After the invasion of Ireland by the Normans (1170/1171), Dublin replaced the hill of Tara as the capital of Ireland, the power settling at the Castle of Dublin until independence. After their victory at the Battle of the Boyne in 1690, the Protestant troops of William of Orange, among them 3 000 French Huguenots, installed many of their men in Dublin, to stand out from the controversial Protestants who had colonized Ulster and Munster for a century. The 239 Huguenots of Dublin have a collective burial, Huguenot House in the small street of Mansion Row near the park of St Stephen Green, created in 1693 in the new Dublin, where are engraved the names of 239 of them, listed in alphabetical order.

Since the beginning of the English occupation in the 12C, the city has played the role of the Capital of the Irish Island, in all forms that political authority has taken: The Lordship of Ireland (1171-1541); The Kingdom of Ireland (1541-1800); The island as a member of the United Kingdom (1801-1922); and the Irish Republic (1919-1922).

The Easter Uprising in 1916 placed the Capital in instability, and the Anglo-Irish War, while the Irish Civil War left the city in ruins, many of its most beautiful buildings having been destroyed. From 1922, following the partition of Ireland, Dublin is the capital of the Free State of Ireland (1922 – 1937) and then of the Republic of Ireland. After WWII (known as “the Emergency”) in reference to the state of emergency decreed from 1939 to 1946). Today, it is still the Republic of Ireland or Eirie.

Dublin

Things to see abound some are

Of course, plenty of theater choices and good ones. The most famous theatres are the Abbey Theater, the Gate Theater, the Gaiety Theater and the Olympia. The Abbey Theater was founded in 1904 by a group of writers, including Yeats, in order to promote the literary talents of Irish authors. It allowed the discovery of works by authors such as Shaw, Synge, O’Casey, and at the same time to serve as a springboard for national and political revival of the early 20C. The Gate Theater was founded in 1928 to promote avant-garde European and American works. The Gaiety Theater specializes in musical productions: operas, musical comedies, ballets. The greatest theater is the Mahony Hall,and Ambassador theater is not bad at all!

Dublin

Kells’s book is kept in the Trinity College library. The Chester Beatty Library has many manuscripts, drawings and other rare books whose oldest documents date back to 2700 B.C. The main museums are the National Gallery of Ireland, the Irish Museum of Modern Art, the Hugh Lane Municipal Gallery and the National Museum of Ireland divided into three sites, archaeology in Kildare Street, decorative arts and history in Collins Barracks and Natural history in Merrion Street..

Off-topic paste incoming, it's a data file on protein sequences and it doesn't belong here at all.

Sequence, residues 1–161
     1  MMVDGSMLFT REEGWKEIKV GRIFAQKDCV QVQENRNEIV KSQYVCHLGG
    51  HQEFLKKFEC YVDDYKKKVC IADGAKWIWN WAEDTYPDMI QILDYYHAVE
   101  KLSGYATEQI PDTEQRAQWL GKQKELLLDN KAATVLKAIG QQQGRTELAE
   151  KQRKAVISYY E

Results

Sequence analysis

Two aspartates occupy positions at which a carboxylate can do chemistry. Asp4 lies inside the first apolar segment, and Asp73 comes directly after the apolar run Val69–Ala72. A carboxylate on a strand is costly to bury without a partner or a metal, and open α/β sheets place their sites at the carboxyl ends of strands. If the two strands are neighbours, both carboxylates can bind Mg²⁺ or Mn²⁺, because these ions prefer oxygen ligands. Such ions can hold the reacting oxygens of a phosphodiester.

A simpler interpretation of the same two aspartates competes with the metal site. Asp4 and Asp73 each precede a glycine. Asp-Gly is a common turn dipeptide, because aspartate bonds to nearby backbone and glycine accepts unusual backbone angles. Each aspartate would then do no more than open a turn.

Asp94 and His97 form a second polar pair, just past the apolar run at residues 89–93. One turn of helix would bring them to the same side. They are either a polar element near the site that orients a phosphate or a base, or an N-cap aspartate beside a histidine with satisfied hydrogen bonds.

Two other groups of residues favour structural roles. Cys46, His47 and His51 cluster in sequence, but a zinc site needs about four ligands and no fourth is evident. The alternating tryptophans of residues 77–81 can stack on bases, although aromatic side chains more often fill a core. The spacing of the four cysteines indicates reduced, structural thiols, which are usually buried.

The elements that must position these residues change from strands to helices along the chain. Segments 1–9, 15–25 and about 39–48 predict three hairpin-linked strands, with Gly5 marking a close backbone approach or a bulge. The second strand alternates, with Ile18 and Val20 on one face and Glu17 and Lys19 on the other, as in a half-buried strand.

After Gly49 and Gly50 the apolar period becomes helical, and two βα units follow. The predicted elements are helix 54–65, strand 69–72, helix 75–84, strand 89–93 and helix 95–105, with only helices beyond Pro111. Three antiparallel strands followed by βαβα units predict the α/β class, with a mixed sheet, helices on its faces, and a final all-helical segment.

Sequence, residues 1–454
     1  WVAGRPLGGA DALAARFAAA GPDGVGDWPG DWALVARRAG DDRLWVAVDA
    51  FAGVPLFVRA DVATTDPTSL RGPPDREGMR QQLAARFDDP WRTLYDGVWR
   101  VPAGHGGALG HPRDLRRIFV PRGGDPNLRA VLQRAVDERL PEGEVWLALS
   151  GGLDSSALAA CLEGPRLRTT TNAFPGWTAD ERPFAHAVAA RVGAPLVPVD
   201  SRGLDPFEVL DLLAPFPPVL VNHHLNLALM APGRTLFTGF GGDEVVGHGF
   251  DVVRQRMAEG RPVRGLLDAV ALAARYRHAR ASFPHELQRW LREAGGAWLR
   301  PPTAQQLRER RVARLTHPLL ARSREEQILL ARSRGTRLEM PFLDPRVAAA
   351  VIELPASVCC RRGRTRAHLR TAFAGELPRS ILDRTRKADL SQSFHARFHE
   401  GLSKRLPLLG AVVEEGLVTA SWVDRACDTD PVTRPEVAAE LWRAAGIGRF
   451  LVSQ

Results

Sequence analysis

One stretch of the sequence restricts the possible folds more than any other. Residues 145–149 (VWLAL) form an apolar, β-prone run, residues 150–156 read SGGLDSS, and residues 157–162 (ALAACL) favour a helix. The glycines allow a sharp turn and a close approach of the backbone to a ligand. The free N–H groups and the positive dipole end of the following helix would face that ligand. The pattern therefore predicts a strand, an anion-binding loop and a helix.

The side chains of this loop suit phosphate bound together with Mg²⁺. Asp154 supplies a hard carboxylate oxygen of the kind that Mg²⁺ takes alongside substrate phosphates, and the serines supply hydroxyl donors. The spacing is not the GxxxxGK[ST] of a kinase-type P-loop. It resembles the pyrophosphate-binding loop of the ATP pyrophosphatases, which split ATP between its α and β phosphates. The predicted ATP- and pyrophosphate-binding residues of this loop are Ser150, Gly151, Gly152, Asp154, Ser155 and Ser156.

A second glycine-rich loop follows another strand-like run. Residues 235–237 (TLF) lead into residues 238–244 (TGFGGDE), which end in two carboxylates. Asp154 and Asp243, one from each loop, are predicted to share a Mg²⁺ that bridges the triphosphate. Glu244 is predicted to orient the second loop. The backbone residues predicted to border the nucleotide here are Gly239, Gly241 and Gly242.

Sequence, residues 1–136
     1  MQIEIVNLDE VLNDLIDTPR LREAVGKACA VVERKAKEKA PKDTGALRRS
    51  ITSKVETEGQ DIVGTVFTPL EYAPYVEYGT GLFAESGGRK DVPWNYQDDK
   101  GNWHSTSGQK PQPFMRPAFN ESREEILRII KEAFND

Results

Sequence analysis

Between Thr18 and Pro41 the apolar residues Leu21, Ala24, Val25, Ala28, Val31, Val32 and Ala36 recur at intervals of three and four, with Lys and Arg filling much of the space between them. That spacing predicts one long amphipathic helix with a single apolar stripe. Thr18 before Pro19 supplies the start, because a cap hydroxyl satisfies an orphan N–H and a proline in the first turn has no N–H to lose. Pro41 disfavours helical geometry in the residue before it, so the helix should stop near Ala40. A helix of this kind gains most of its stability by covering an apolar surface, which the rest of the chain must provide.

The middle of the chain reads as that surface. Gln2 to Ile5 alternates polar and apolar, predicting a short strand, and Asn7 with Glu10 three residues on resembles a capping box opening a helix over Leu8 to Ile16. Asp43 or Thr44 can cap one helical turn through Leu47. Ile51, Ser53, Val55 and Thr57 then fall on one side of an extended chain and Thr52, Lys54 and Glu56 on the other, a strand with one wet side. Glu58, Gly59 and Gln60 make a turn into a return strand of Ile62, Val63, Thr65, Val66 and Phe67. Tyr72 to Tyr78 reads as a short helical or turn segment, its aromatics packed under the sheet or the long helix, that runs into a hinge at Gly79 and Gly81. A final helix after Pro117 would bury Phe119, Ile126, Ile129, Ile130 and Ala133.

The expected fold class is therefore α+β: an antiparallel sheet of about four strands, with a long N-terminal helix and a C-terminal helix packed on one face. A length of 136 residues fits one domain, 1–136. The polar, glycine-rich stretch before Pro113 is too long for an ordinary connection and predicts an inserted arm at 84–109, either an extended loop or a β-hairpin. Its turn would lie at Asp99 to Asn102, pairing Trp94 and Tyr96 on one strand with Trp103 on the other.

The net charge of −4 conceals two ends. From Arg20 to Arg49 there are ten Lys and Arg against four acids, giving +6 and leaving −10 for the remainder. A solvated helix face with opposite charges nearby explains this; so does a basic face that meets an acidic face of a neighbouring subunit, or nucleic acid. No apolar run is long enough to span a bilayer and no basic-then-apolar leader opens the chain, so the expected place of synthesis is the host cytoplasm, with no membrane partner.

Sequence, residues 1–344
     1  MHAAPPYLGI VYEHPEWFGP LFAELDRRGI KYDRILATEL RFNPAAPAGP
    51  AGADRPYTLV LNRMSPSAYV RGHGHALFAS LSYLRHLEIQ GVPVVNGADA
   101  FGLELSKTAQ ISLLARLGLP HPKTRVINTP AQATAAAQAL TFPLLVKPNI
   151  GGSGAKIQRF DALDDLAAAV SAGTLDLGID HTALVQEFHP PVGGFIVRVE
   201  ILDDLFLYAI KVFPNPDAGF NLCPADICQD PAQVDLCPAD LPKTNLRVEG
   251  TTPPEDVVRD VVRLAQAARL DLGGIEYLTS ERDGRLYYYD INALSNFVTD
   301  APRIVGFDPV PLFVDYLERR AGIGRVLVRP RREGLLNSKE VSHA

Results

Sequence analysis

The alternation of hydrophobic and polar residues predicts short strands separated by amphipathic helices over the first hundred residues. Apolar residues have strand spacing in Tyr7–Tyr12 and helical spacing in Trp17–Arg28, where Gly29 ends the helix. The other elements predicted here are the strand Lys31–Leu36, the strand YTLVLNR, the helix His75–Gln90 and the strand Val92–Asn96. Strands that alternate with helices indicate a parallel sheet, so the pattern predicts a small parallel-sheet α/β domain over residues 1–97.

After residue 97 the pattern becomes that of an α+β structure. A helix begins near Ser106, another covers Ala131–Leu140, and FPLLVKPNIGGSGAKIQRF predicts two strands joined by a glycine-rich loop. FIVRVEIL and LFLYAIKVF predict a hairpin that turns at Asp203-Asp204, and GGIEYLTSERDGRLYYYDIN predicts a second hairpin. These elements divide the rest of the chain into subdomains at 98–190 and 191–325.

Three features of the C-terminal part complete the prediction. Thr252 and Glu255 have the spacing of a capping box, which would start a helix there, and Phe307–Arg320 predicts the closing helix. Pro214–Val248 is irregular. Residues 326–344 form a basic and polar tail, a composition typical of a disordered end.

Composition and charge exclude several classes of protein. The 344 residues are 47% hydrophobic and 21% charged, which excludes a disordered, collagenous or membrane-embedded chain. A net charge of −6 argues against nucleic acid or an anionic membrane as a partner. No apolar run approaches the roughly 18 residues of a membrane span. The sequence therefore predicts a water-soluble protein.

There is a vibrant nightlife in Dublin, indeed is true. Dublin is dotted with pubs, especially around Temple Bar, located on the south shore of the Liffey, is the attraction of a crowd from all over the city and many tourists who come to take the pubs by assault.   This area was developed as a cultural district with art galleries, the National Film Center (Irish Film Institute), and photography Studios. The streets around St Stephen Green,Harcourt Street, Camden Street, Wexford Street and Leeson Street, in particular, there are a lot of nightclubs. The brewery of St. James Gate , where the famous Guinness has been produced since 1759. O’Connell Street is one of the main avenues with many places and squares of Georgian architectural treasures such as   St Stephen Green, Merrion Square, Ely Place, Fitzwilliam Squares

Dublin

Trinity College, a university founded in 1592 by queen Elisabeth I of England and home to the book of Kells, a illuminated manuscript dating from about 800, making it one of the oldest books in the world. Christ Church Cathedral, some parts of which date back to the original Danish construction. St. Patrick’s Cathedral. Pro-St. Mary’s Cathedral, Dublin Catholic Cathedral;   Dublin Castle, Dublin Writers Museum, and the Ha’penny Bridge, which owes its name to the price (half a penny) that had to pay any person to have the right to cross it and enter the city.

Dublin

Some webpages to help you plan your trip here are

Tourist office of DublinDublin tourist office

City of Dublin; https://dublin.ie/living/things-to-do/

Tourist office of Ireland on Dublin https://www.ireland.com/en-us/destinations/republic-of-ireland/dublin/dublin-city/

Dublin city council site: http://www.dublincity.ie/

There you go a nice city to visit and we are looking forward for a repeat. Enjoy it fully.

And remember, happy travels, good health, and many cheers to all!!!

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August 27, 2018

How about Bitburg, Germany!

On a nice cool cloudy day in my beautiful Morbihan and away from the beaches, let me tell you about our escapades to the neighboring country of Germany. Specifically, Bitburg.Just a note ,plenty of Germans in our area now ::)